The Circle


The Circle is a 2013 dystopian novel written by American author Dave Eggers.[2][3][4] The novel chronicles tech worker Mae Holland as she joins a powerful Internet company. Her initially rewarding experience turns darker.

Plot summary

The book follows the story of Mae Holland, a recent college graduate who lands a job at The Circle, a powerful technology company run by the so-called "Three Wise Men." Mae owes her job largely to her best friend and college roommate, Annie, one of the forty most influential people in the company. Mae starts out in Customer Experience (CE), the firm's customer service department, but quickly climbs the company ladder. From the beginning, Mae is impressed by amenities at the Circle, including access to top-notch technology, dorm-like housing, gyms, recreation activities and parties. Mae's very first day at the Circle ends with a party where she encounters Francis, who remains a love interest throughout the rest of the novel. Later, Mae encounters and quickly becomes romantically involved with a mysterious colleague named Kalden, even though she is unable to verify his status at the company, or even obtain his last name.

Meanwhile, the Circle continues to develop a range of sophisticated technologies, including SeeChange: light, portable cameras that can provide real-time video with minimal efforts. Eventually, SeeChange cameras are worn all day long by politicians wishing to be 'transparent', allowing the public to see what they are seeing at all times.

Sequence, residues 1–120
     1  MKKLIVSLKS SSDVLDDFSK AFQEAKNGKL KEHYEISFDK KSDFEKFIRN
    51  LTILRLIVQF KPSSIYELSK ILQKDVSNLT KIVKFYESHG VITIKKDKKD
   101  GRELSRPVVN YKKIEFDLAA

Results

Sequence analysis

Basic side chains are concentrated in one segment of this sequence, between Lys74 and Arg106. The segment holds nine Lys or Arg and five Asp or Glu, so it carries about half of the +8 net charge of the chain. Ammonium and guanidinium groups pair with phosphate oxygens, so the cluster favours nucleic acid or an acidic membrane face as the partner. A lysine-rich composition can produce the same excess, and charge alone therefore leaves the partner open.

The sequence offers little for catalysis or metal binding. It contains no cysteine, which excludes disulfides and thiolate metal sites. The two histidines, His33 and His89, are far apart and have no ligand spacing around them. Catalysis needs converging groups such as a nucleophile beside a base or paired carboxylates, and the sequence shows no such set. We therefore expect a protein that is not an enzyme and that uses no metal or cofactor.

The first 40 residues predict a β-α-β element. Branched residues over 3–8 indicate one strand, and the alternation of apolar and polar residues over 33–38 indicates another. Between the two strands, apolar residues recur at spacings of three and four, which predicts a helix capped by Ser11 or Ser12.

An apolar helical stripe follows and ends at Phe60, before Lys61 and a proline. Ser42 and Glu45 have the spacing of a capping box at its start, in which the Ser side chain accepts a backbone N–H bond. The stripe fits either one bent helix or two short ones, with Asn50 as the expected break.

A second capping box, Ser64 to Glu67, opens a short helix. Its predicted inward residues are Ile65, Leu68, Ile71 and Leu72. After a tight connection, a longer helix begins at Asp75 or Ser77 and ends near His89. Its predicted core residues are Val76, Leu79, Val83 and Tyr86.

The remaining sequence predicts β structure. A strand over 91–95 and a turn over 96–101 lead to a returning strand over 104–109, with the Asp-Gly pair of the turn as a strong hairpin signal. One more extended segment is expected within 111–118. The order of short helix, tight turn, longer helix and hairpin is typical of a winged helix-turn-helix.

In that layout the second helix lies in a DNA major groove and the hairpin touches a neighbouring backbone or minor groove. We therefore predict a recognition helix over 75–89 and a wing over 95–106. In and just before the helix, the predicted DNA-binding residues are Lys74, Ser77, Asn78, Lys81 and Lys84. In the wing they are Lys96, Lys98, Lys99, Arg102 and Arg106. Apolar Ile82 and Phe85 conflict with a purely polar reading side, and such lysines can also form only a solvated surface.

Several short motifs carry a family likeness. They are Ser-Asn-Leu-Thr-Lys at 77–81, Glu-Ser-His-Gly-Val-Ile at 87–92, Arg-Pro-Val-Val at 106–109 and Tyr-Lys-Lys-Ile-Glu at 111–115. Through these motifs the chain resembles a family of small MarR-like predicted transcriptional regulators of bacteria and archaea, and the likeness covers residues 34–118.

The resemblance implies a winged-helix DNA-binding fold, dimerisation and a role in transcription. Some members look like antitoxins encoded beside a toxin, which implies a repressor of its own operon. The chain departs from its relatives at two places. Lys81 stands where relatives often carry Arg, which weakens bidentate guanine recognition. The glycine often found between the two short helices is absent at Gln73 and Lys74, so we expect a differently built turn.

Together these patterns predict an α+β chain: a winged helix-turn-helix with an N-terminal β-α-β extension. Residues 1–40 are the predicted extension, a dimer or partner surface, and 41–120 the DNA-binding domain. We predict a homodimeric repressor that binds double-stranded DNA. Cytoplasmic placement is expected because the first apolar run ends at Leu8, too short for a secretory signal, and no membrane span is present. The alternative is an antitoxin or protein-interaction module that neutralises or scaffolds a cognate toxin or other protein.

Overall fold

Another subplot is the diagnosis of Mae's father with multiple sclerosis, which eventually leads Mae to enroll her parents on her health care, which in turn drives them to install SeeChange cameras in their home. After a brief incident with her own legal issues, Mae ends up agreeing to wear a SeeChange device herself (called going transparent), representing her own growing role in the company, epitomized by a public talk in which she insists, "secrets are lies," "sharing is caring," and "privacy is theft." Mae's job now mainly consists of touring the campus and showing customers future products; any hints of her own doubts about privacy seem dropped, in contrast to her ex-boyfriend Mercer. He has internet phobia and eventually insists on going off the grid to escape the more and more far-reaching influence of the Circle and its technologies. Kalden calls Mae, warning her that The Circle must be stopped, but she refuses to listen. Mae’s indoctrination into the company and its use of peer pressure to invoke “herd mentality” is directly contrasted by the character of Mercer. Mercer represents a small portion of the book’s world that rejects the Circle’s ever more intrusive technologies. Throughout the novel he goes from having a benign distaste for the ways of the present to attempting to escape from his doomed society. The evolution of his world-view culminates in a scene in which he’s exposed in his hiding and is chased by Mae using Circle drones. He willingly drives his truck off of a bridge to escape the Circle’s grasp, proving that resistance of the Circle’s ways is futile.